What happens when an idealist volunteers to introduce Shakespeare to a group of unruly kids? Bedlam. Tears. And hard lessons learned. Mel Ryane's Teaching Will is a riotous cautionary tale of high hopes and goodwill crashing into the realities of classroom chaos.
“Are you famous?”
“No . . . no, I’m definitely not famous. What’s your name?”
“Marin. What TV shows and movies are you in?” It’s impossible to miss the challenge in Marin’s voice.
At a parent-teacher meeting a few weeks ago, I handed out brochures advertising the Shakespeare Club, my after-school program. The pamphlet included a brief biography mentioning my career as an actor and my work as a dialogue and acting coach. There was no mention of time spent as a public school teacher because I am not, nor have I ever been, one.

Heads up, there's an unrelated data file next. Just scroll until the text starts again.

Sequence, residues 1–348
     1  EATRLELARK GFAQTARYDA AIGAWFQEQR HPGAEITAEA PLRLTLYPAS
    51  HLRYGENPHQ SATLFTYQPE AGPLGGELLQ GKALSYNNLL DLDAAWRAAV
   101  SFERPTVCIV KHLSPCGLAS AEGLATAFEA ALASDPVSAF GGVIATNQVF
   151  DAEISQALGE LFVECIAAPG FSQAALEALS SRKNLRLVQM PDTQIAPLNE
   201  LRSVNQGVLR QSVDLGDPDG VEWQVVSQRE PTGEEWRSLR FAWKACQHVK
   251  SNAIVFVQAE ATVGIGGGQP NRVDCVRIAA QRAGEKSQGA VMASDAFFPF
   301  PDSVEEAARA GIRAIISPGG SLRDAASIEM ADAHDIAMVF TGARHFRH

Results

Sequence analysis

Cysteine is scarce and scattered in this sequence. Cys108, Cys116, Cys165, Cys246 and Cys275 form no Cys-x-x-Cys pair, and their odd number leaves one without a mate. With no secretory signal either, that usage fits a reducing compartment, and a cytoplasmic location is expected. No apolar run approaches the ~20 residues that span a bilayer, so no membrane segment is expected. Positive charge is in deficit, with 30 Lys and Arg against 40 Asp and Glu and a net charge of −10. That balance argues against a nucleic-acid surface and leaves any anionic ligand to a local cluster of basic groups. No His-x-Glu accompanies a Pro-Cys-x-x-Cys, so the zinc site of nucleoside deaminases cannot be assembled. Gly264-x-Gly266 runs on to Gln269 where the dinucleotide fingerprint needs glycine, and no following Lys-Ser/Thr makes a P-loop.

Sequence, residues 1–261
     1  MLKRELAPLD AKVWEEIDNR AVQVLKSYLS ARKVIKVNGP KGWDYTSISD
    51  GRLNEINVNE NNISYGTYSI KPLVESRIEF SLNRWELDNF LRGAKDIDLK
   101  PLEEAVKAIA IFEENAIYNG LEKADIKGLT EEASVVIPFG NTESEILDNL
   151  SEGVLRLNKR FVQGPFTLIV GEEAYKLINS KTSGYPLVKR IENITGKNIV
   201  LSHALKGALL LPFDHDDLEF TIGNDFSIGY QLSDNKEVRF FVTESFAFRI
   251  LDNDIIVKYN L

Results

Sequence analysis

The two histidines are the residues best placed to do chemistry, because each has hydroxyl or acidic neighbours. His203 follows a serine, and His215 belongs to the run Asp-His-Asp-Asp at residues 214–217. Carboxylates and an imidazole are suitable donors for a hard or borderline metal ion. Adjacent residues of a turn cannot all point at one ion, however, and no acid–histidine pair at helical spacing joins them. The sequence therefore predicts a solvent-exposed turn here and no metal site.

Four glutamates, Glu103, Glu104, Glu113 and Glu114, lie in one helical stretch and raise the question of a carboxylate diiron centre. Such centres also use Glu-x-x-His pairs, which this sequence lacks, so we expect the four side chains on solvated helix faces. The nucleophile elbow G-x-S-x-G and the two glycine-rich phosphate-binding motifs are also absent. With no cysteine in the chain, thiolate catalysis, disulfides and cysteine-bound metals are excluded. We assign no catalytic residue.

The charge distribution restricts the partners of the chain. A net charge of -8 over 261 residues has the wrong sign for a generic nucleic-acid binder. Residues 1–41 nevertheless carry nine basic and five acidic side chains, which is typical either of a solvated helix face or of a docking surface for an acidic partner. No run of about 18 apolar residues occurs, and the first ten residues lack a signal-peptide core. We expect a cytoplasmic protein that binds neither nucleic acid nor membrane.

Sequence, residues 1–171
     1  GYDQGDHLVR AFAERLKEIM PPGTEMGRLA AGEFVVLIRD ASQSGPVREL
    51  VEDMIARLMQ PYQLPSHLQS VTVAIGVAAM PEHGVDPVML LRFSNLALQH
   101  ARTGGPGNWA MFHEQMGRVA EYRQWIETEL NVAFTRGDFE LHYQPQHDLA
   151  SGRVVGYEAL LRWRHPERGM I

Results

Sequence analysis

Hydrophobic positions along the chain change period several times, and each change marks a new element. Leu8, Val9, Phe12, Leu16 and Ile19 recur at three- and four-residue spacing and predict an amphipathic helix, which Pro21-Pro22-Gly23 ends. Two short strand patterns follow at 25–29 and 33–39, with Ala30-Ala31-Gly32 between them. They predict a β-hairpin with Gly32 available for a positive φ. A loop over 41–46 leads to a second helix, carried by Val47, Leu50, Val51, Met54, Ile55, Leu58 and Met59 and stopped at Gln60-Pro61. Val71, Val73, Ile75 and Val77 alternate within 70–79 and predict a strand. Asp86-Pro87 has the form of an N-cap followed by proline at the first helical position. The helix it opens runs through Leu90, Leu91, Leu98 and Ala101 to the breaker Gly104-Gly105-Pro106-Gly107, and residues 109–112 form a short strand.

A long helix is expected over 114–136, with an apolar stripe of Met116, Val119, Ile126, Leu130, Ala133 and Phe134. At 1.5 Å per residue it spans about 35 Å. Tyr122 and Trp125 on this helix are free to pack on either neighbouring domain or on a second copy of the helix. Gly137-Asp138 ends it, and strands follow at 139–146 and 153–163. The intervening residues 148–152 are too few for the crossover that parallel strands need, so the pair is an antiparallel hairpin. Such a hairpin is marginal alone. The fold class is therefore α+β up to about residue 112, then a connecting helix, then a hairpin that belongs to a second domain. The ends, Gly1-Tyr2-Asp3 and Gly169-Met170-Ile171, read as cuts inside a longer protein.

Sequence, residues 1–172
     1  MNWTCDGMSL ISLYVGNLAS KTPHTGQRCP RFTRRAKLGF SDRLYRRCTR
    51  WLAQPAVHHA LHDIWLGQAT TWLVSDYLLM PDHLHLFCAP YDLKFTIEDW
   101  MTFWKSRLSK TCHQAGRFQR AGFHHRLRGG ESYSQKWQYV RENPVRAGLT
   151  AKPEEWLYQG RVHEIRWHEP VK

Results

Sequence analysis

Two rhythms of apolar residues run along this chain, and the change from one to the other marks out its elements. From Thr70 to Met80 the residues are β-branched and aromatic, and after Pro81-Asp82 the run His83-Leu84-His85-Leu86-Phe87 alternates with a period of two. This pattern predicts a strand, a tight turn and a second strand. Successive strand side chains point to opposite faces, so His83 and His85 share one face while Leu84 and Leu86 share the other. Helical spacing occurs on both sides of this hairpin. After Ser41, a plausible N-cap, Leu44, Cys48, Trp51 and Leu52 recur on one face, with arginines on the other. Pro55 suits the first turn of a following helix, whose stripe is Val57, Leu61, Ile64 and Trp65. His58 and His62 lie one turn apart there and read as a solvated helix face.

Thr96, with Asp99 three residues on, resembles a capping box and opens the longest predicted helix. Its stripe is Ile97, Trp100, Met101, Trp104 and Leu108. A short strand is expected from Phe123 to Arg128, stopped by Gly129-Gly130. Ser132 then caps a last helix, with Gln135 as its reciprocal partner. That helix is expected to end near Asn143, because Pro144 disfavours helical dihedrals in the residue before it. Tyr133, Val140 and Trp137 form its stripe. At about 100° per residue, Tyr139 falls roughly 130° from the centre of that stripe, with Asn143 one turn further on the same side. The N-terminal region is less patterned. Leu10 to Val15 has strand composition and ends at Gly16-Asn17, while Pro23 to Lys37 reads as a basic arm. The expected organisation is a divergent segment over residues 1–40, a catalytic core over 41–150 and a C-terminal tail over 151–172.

“It’s true, Marin, I was an actor for a long time in the theatre and in a few movies and television shows, but I stopped doing that a while ago. Actually, before you were even born.” An annoying bead of sweat trickles down the inside of my arm. I clutch my elbow close, hoping the wetness doesn’t show.
Marin’s hair is pulled tight into braids. She tilts her head, chews the inside of her cheek, and keeps me in her eyeline.
“What TV shows were you in?”
“You wouldn’t know them—”
“Yeah, I would. What ones?”
God, give it up! I want to scream, but you shouldn’t scream at children. That’s never a good idea, and certainly not at the very first meeting. I release a long sigh.